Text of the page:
Vitamin D deficiency has been linked to a wide range of major psychiatric illnesses and is an emerging area of interest for researchers. From my experience working with individuals with psychosis and schizophrenia in both inpatient and outpatient settings, I have often found low vitamin D levels in this patient population where the severity of symptoms were inversely correlated to serum vitamin D levels. Most recently, laboratory tests of individuals with schizophrenia, psychosis, elective mutism, and bipolar disorders revealed consistent serum vitamin D levels below 20 ng/ml. As vitamin D levels normalized, symptoms improved. While the mechanism is unclear, recent research suggests that vitamin D’s action on the regulation of inflammatory and immunological processes likely affects the manifestation of clinical symptoms and treatment response in schizophrenic patients (Chiang, Natarajan, & Fan, 2016).

The link between vitamin D deficiency and the development of schizophrenia has been researched among patients of all ages around the globe. One meta-analysis reviewed 19 studies published between 1988 and 2013 and found a strong association between vitamin D deficiency and schizophrenia. Of the 2,804 participants from these studies, over 65% of the participants with schizophrenia were vitamin D deficient. Vitamin D deficient participants were 2.16 times more likely to have schizophrenia than vitamin D sufficient participants (Valipour, Saneei, & Esmaillzadeh, 2014).

The risk of schizophrenia and vitamin D status vary with season of birth, latitude, and skin pigmentation. The UV rays required to make vitamin D are reduced in the months most associated with an increase in the birth of individuals who later develop schizophrenia. One review including a total of 437,710 individuals with schizophrenia found that most individuals were born in January and February. These newborns were thus exposed to lower levels of UV rays in their prenatal and perinatal periods. An increased rate of schizophrenia is also seen at higher latitudes, especially among immigrants. This may again be related to UV availability and subsequent vitamin D status. At higher latitudes, a dark skinned individual will also have a more pronounced reduction in vitamin D than a lighter skinned individual. The lighter skinned individual will have less melanin which allows the skin to absorb UV rays more effectively. It is estimated that individuals with darker skin at higher latitudes are more likely to develop schizophrenia than the general population (Chiang et al., 2016).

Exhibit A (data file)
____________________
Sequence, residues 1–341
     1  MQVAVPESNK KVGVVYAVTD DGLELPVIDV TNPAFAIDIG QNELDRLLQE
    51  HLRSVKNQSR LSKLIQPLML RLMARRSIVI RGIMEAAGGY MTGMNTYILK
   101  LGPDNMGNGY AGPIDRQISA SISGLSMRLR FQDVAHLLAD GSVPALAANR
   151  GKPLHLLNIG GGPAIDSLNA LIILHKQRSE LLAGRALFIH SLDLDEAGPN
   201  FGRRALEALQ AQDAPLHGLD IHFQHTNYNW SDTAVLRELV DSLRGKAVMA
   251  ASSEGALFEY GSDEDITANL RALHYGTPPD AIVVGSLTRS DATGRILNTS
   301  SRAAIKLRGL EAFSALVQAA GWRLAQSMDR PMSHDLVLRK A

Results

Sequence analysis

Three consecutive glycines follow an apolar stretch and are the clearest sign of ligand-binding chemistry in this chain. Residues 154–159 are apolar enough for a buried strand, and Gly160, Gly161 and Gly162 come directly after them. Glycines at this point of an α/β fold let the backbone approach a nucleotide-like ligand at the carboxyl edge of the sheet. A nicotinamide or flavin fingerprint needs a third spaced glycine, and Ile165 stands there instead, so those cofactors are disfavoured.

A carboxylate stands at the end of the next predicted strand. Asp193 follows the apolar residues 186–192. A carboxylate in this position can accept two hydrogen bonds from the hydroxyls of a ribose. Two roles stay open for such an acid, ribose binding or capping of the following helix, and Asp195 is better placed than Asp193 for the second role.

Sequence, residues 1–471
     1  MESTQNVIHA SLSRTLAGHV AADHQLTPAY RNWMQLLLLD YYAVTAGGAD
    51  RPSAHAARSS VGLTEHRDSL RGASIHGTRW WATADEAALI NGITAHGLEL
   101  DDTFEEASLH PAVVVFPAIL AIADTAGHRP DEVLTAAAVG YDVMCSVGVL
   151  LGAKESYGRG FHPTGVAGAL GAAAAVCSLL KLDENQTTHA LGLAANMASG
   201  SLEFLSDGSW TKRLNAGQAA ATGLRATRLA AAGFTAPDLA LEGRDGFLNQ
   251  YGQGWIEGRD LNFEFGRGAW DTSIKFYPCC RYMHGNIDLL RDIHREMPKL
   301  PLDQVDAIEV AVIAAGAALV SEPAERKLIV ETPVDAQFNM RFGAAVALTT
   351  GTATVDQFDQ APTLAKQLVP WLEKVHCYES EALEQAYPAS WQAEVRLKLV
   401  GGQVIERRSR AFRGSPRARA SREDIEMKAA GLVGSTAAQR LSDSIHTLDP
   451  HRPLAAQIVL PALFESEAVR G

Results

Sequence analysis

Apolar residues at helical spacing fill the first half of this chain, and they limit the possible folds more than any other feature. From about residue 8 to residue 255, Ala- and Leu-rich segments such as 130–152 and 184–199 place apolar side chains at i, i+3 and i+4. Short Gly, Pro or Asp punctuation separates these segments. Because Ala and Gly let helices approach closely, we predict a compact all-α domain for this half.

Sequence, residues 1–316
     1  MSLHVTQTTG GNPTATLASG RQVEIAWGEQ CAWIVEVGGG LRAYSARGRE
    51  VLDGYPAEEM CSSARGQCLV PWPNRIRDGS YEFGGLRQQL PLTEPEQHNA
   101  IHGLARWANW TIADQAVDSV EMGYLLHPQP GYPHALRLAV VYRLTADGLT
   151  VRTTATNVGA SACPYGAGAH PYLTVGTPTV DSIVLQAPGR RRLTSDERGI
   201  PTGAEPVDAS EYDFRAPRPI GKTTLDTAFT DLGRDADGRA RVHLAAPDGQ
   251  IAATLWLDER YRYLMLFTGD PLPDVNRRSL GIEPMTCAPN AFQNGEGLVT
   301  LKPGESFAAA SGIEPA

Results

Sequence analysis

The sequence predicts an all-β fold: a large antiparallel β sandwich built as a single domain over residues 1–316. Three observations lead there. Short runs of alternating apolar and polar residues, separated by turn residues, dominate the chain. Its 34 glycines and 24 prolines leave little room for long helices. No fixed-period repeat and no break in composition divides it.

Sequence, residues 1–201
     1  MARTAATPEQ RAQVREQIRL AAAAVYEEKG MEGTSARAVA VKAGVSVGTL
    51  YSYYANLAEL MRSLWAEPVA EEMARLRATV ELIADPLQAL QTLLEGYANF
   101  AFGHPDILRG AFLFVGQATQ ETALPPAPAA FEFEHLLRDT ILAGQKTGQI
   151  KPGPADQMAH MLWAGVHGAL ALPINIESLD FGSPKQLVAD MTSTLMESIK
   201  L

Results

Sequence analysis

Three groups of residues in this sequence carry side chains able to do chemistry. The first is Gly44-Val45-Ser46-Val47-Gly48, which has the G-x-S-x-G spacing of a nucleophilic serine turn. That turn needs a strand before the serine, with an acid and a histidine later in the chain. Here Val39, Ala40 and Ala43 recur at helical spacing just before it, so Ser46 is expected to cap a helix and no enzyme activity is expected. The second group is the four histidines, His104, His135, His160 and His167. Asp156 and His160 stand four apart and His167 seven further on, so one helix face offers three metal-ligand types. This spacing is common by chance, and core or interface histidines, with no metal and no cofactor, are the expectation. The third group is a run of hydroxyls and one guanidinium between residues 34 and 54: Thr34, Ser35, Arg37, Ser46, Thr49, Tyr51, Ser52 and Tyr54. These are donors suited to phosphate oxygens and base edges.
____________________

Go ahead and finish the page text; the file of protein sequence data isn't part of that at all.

Swedish researchers reviewed medical charts at a psychiatric outpatient department to identify possible predictors of vitamin D deficiency. Over 85% of the 117 psychiatric patients had suboptimal vitamin D levels. Those with schizophrenia and autism had the lowest levels. Middle East, Mediterranean, South-East Asian or African ethnic origin were strong predictors of low vitamin D. The patients receiving vitamin D supplements to correct their deficiencies achieved considerable improvement of psychosis and depression symptoms (Humble et al., 2010).

Vitamin D concentrations were measured in 50 schizophrenia patients in Israel aged 19-65. Lower mean vitamin D concentrations were detected among patients with schizophrenia (15 ng/ml) compared to controls (20 ng/ml) after adjusting for the impact of sun exposure and supplements (Itzhaky et al., 2012). Likewise, 92% of 102 adult psychiatric inpatients in New Zealand also had suboptimal vitamin D levels and were more than twice as likely as Europeans to have severely deficient levels below <10 ng/ml (Menkes et al., 2012).

In a prospective birth cohort of 3,182 children in England, researchers measured vitamin D levels at age 9.8 years and assessed psychotic experiences at age 12.8 years. Vitamin D concentrations during childhood were associated with psychotic experiences during early adolescence. If psychotic experiences are related to the development of schizophrenia, this supports a possible protective association of higher vitamin D concentrations with schizophrenia (Tolppanen et al., 2012).

Vitamin D deficiency is associated with more severe symptoms. Cross sectional analyses were carried out on mentally ill adolescents aged 12-18 who required either inpatient or partial hospitalization. Of the 104 patients evaluated, 72% had insufficient vitamin D levels. Vitamin D status was related to mental illness severity. Those with vitamin D deficiency were 3.5 times more likely to have hallucinations, paranoia, or delusions (Gracious et al., 2012). A second study supports this finding. Vitamin D was analyzed from 20 patients with first-episode schizophrenia. Greater severity of negative symptoms (blunted affect, emotional withdrawal, poor rapport, passive-apathetic social withdrawal, abstract thinking, and stereotyped thinking) was strongly correlated with lower vitamin D status. Lower vitamin D levels were also associated with more severe overall cognitive deficits (Graham et al., 2015).